CSA News from Windflower Farm
Delivery #2, Week of June 11, 2018
This week’s share contents.
Your second share of the season will be arriving tomorrow. You’ll get arugula and a salad mix, along with baby spinach and lettuce. This might be greens enough for salads all week long! You’ll also get kohlrabi, radishes, scallions and cooking greens or Happy Rich. And you’ll get your choice of potted purple and Genovese basil or Thai basil and cilantro. Our own organic strawberries will fill out your fruit share. Flowers started for everyone last week and it’s Jan’s hope that she can deliver flowers every week for the next nine weeks. Next week, you can expect more salad crops. Sweet Japanese turnips, cucumbers and zucchinis are getting started and, depending on the weather, one or more should be in next week’s share.
What’s new on the farm.
It’s Sunday. Nate is painting a piece of farm equipment he has built, Jan is working in her flower garden and the Medinas are harvesting strawberries.
I’ve just come in from planting green beans with the John Deere and Multiflex seeder I purchased last year. It’s become dry and my tractor kicked up a cloud of dust as it pulled the seeder along. I sprinkled black bacterial spores on the white bean seeds. Once the spores awaken from their slumber, they’ll colonize the bean roots and provide them with nitrogen they have “fixed” from the air. I’ll irrigate these tomorrow as part of a block that includes a new carrot seeding. Three 350’ beds of beans, each bed with two rows, or just over 2000 row-feet. I will repeat this every ten days or so through early August. It is part of a regular seeding I’ll do that includes radishes and greens.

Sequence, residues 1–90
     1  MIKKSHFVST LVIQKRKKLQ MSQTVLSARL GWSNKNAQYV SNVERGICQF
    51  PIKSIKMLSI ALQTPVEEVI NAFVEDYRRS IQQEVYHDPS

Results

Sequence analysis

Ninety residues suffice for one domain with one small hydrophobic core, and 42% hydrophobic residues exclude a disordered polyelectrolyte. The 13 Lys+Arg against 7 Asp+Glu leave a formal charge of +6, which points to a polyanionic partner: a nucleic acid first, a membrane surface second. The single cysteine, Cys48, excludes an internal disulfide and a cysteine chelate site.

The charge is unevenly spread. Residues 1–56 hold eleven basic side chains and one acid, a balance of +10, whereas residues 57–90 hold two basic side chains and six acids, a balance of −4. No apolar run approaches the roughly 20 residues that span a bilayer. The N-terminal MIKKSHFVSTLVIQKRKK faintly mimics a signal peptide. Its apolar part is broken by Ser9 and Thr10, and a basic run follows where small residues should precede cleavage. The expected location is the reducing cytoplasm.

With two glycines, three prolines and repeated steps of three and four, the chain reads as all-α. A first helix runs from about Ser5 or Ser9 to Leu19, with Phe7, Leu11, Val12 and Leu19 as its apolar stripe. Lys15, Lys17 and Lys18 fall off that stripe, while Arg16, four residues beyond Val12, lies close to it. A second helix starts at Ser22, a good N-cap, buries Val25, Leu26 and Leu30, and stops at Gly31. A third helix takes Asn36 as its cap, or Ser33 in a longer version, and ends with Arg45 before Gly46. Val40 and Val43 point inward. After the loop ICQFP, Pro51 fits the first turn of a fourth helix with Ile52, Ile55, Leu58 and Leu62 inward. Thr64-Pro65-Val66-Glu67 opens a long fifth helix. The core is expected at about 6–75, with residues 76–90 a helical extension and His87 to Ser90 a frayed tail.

On my way back to the barn, I peeked under the row cover where arugula, a salad mix and radishes have been growing for the past 30 days or so. All three of these will be in your shares this week. We’ll pull them root and all and then bunch and wash them. Bunched, we’ll be able to send them without a plastic bag. For your part, all you’ll have to do is cut them midway up the stem, rinse, dry, and serve.
The locusts finished blooming here a week ago. They grow in groves and produce a powerfully sweet fragrance. The wood is famous for long lived fences, but they are also valuable to farmers as an indicator plant: old timers will tell you that it’s safe to plant your garden once the locusts have bloomed. Last week, believing the threat of frost to be behind us, we planted sweet potato slips, the last of our field peppers, chiles and eggplants and uncovered our cucumbers and squashes.
Have a great week, Ted